COVID-19 and its effects on Commercial Forfeiture
Forfeiture is a right afforded to landlords to determine the lease where the tenant is in breach of any of its obligations under the lease.
If a tenant is in breach of any of its obligations under the lease, and in particular non-payment of rent a landlord can effect forfeiture either by peaceably re-entering the demised property or by commencing Court proceedings, however, the during the next three months commercial landlords will not be permitted to take such steps.
Coronavirus Act 2020 and forfeiture
In response to Coronavirus the Government has introduced the Coronavirus Act 2020 (‘the Act’) as an emergency measure to deal with the impact of the Coronavirus disease.
The Act has put in place measures, which will prevent landlords from forfeiting a commercial lease for non-payment of rent until 30 June 2020 (subject to any extension).
Whilst protective measures have been put in place business tenants are still under an obligation to pay rent. If a tenant is in breach of its obligation to pay rent, (which is defined under the Act as any sum a tenant is liable to pay under a relevant business tenancy), commercial landlords will need to consider alternative remedies against a tenant’s failure to pay rent.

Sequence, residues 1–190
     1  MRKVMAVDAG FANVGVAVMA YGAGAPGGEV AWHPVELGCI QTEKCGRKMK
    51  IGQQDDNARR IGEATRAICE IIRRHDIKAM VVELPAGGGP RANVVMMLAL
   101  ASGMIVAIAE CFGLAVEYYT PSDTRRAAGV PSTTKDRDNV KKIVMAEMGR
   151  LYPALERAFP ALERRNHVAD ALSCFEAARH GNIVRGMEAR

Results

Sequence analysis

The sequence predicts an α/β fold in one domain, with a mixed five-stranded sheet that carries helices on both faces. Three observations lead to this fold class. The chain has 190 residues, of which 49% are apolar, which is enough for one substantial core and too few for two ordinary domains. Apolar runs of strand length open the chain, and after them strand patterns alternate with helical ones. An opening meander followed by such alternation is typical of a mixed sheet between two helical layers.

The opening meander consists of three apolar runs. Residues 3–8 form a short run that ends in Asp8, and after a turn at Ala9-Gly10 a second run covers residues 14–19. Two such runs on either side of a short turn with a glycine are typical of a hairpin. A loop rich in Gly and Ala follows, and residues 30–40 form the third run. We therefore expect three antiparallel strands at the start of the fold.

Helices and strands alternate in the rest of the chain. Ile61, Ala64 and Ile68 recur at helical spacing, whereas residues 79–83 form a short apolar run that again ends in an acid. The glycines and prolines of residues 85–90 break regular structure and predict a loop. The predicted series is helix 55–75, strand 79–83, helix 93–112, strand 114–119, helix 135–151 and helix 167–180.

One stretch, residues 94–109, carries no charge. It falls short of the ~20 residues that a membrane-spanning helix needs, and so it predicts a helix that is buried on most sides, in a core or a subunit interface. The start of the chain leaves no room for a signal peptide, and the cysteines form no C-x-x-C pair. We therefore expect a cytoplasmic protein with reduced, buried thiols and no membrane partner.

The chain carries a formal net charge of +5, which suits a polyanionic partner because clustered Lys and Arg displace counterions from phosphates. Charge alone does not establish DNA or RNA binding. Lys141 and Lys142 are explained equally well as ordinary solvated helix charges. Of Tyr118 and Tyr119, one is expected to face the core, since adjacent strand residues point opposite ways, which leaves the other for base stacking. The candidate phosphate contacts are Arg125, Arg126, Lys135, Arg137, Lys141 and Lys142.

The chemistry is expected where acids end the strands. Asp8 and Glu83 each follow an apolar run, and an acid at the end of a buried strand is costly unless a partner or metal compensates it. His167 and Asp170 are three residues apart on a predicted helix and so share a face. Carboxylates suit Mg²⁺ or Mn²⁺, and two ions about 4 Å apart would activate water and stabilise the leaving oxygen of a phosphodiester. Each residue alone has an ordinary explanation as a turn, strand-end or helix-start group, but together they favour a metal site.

The Act does not prevent commercial landlords from taking alternative steps to enforce a tenant’s breach to pay rent.
Commercial landlords should consider the following steps:
- to drawn down on a rent deposit;
- pursue a guarantor or a former tenant;
- commencing Court proceedings to recover the rent;
- Commercial Rent Arrears Recovery;
- serve a statutory demand and thereafter commence insolvency proceedings.
In these unprecedented and difficult times commercial landlords may not want to engage in the above steps with the risk of souring the business relationship that they have with ‘good’ tenants. In such circumstances commercial landlords may wish to give time to pay and consider issuing a payment agreement with the tenant to the pay rent or any arrears in specified instalments; however, commercial landlords should carefully consider any agreement that is proposed to avoid inadvertently varying the terms of the lease.
The advantage with this approach, if it does not lead to full payment of rent, is that the landlord’s right to forfeit the lease after 30 June 2020 is preserved as the Act provides that no conduct of the landlord other than an express waiver in writing, is to be regarded as waiving a right of re-entry or forfeiture.
If you have any queries concerning the above or would like advise on the enforcement options, please contact solicitor, Vijay Murarji within our Commercial and Property Dispute Resolution Team.